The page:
Genetically modified potatoes are gaining momentum in the USA, with new varieties more resistant to bruising and late blight.
US company Simplot has recently received approval for generation-one innate potatoes, which offer less bruising and a reduction in acrylamide.
It is predicted to have the potential to save 400m pounds of potato waste each year in the USA, while also reducing acrylamide, a substance found in a number of products and associated with cancer, by up to 75%.
In addition, generation two is currently in the process of coming to market, offering traits that provide resistance to late blight disease and lowered reducing sugars for long storage.
Haven Baker, chief potato scientist for Simplot, said the new varieties provide an exciting step forward for potato producers across the world, showing the potential available to farmers.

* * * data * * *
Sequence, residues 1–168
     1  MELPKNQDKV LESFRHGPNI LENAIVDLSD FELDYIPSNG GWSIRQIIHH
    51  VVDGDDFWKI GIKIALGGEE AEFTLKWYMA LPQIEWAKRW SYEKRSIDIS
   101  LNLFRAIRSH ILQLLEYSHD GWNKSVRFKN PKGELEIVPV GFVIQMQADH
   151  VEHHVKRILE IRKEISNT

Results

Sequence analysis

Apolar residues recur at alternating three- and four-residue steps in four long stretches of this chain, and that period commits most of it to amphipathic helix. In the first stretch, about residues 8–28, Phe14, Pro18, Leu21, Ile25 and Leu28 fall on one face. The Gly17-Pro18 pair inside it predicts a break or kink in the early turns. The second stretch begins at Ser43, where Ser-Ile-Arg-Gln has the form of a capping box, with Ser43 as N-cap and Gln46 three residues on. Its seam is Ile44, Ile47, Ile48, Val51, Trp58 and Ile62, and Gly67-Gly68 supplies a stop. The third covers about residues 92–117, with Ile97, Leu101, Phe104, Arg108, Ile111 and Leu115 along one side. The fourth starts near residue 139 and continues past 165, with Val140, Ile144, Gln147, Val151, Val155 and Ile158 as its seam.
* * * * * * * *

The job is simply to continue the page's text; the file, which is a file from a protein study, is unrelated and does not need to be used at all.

Speaking at the Cambridge University Potato Growers Research Association conference, Dr Baker explained the fresh-cut potato market was an area where big advantages could be seen with non-browning potatoes having a shelf life of up to 14 days without any preservatives.
Meanwhile, resistance against late blight could see significant savings in late-blight fungicides with the addition of a yield bump, according to Dr Baker.
“The exciting advances in potatoes come after a decade of scientific development, safety assessments and extensive field tests, working with scientists across the globe,” he said.